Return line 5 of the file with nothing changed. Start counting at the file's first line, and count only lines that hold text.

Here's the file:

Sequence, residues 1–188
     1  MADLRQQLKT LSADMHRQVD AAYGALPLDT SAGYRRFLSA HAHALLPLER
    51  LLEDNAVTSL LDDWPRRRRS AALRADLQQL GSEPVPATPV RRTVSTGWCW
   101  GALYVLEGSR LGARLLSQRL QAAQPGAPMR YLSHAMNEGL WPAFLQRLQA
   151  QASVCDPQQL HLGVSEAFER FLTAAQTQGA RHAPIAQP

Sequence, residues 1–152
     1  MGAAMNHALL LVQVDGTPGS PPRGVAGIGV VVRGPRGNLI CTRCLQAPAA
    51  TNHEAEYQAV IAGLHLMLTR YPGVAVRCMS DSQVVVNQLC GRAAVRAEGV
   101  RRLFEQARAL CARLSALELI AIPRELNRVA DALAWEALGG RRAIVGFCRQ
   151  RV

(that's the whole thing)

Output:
   151  QASVCDPQQL HLGVSEAFER FLTAAQTQGA RHAPIAQP